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Credit Default Swaps networks and systemic risk

Overview of attention for article published in Scientific Reports, November 2014
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About this Attention Score

  • In the top 25% of all research outputs scored by Altmetric
  • High Attention Score compared to outputs of the same age (92nd percentile)
  • High Attention Score compared to outputs of the same age and source (88th percentile)

Mentioned by

twitter
30 tweeters
googleplus
1 Google+ user

Citations

dimensions_citation
18 Dimensions

Readers on

mendeley
53 Mendeley
Title
Credit Default Swaps networks and systemic risk
Published in
Scientific Reports, November 2014
DOI 10.1038/srep06822
Pubmed ID
Authors

Michelangelo Puliga, Guido Caldarelli, Stefano Battiston

Abstract

Credit Default Swaps (CDS) spreads should reflect default risk of the underlying corporate debt. Actually, it has been recognized that CDS spread time series did not anticipate but only followed the increasing risk of default before the financial crisis. In principle, the network of correlations among CDS spread time series could at least display some form of structural change to be used as an early warning of systemic risk. Here we study a set of 176 CDS time series of financial institutions from 2002 to 2011. Networks are constructed in various ways, some of which display structural change at the onset of the credit crisis of 2008, but never before. By taking these networks as a proxy of interdependencies among financial institutions, we run stress-test based on Group DebtRank. Systemic risk before 2008 increases only when incorporating a macroeconomic indicator reflecting the potential losses of financial assets associated with house prices in the US. This approach indicates a promising way to detect systemic instabilities.

Twitter Demographics

The data shown below were collected from the profiles of 30 tweeters who shared this research output. Click here to find out more about how the information was compiled.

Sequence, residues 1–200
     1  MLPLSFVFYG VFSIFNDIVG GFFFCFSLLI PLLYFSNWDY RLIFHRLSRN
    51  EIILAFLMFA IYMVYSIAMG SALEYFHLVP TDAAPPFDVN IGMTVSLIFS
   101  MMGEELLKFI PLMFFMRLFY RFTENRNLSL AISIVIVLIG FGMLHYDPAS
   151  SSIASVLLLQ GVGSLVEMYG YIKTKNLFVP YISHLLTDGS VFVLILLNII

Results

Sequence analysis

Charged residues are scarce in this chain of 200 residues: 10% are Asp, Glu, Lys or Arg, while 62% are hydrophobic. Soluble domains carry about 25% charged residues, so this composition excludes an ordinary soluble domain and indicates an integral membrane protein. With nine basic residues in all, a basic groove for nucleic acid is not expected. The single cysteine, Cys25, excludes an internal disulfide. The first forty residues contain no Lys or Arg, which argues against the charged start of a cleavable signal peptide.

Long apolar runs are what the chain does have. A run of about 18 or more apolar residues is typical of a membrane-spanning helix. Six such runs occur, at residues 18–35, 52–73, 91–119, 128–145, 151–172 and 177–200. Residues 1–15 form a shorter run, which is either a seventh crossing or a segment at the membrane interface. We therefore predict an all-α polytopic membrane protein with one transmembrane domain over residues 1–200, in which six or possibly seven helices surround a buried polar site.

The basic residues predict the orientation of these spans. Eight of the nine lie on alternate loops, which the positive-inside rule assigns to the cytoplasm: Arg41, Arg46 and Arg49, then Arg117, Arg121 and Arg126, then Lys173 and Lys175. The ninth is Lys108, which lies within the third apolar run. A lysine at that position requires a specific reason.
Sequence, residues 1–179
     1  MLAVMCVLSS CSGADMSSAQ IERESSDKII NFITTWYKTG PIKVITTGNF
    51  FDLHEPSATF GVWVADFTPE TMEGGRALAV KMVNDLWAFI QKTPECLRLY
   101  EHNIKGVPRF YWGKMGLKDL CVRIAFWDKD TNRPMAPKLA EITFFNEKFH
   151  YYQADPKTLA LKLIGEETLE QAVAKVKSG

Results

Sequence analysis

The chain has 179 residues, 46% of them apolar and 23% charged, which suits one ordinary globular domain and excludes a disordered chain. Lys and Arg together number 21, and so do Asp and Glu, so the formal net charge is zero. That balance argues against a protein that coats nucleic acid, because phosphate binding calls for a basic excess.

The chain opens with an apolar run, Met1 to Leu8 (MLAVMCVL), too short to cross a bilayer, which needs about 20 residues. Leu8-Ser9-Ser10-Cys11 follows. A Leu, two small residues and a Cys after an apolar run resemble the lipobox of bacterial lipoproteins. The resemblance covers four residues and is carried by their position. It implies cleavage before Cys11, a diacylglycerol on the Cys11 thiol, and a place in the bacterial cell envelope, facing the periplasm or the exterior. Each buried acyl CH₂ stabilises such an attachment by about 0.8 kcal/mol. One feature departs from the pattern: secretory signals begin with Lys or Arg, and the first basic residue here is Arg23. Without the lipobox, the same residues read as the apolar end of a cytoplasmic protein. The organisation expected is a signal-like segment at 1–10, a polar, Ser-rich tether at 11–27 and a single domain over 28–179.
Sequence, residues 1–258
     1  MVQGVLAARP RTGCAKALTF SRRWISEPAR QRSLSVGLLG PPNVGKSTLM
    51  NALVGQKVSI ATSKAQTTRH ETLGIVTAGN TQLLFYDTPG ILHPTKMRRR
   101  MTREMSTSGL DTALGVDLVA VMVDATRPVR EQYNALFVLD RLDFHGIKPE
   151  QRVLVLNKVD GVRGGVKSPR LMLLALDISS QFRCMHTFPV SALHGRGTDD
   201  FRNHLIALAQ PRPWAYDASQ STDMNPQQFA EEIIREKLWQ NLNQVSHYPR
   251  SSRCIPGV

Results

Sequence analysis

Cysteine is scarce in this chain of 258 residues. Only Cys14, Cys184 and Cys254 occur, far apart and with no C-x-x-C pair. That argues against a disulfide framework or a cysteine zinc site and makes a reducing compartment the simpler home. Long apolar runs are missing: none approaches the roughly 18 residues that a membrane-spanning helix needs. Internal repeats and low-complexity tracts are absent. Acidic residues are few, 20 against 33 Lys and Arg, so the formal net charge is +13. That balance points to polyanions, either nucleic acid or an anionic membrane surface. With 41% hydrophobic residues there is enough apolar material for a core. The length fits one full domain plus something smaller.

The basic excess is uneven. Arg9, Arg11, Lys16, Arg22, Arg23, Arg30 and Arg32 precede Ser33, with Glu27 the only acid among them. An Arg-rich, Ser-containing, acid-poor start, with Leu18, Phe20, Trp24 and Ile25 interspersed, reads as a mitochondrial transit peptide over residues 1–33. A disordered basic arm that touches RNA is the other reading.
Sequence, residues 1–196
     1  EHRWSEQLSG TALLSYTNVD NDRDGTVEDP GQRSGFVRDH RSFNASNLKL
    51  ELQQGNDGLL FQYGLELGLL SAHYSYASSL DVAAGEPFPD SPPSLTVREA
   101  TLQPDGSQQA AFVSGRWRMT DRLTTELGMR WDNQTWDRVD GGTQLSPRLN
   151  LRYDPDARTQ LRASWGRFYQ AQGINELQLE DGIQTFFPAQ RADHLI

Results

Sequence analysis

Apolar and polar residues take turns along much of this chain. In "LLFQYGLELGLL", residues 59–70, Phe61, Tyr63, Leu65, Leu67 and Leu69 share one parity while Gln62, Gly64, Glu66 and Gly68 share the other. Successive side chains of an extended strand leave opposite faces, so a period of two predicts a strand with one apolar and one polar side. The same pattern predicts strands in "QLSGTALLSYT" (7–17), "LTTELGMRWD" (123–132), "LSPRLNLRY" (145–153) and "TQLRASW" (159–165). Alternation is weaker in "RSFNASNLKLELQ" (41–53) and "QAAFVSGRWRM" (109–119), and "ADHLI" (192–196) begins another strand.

Mendeley readers

The data shown below were compiled from readership statistics for 53 Mendeley readers of this research output. Click here to see the associated Mendeley record.

Geographical breakdown

Country Count As %
Italy 2 4%
United Kingdom 1 2%
Mexico 1 2%
Netherlands 1 2%
Unknown 48 91%

Demographic breakdown

Readers by professional status Count As %
Student > Ph. D. Student 7 13%
Researcher 4 8%
Professor 2 4%
Student > Master 2 4%
Student > Postgraduate 1 2%
Other 4 8%
Unknown 33 62%
Readers by discipline Count As %
Economics, Econometrics and Finance 9 17%
Physics and Astronomy 3 6%
Business, Management and Accounting 2 4%
Computer Science 2 4%
Environmental Science 1 2%
Other 3 6%
Unknown 33 62%

Attention Score in Context

This research output has an Altmetric Attention Score of 18. This is our high-level measure of the quality and quantity of online attention that it has received. This Attention Score, as well as the ranking and number of research outputs shown below, was calculated when the research output was last mentioned on 12 November 2014.
All research outputs
#658,509
of 11,517,188 outputs
Outputs from Scientific Reports
#6,202
of 49,987 outputs
Outputs of similar age
#16,342
of 212,550 outputs
Outputs of similar age from Scientific Reports
#82
of 719 outputs
Altmetric has tracked 11,517,188 research outputs across all sources so far. Compared to these this one has done particularly well and is in the 94th percentile: it's in the top 10% of all research outputs ever tracked by Altmetric.
So far Altmetric has tracked 49,987 research outputs from this source. They typically receive a lot more attention than average, with a mean Attention Score of 15.2. This one has done well, scoring higher than 87% of its peers.
Older research outputs will score higher simply because they've had more time to accumulate mentions. To account for age we can compare this Altmetric Attention Score to the 212,550 tracked outputs that were published within six weeks on either side of this one in any source. This one has done particularly well, scoring higher than 92% of its contemporaries.
We're also able to compare this research output to 719 others from the same source and published within six weeks on either side of this one. This one has done well, scoring higher than 88% of its contemporaries.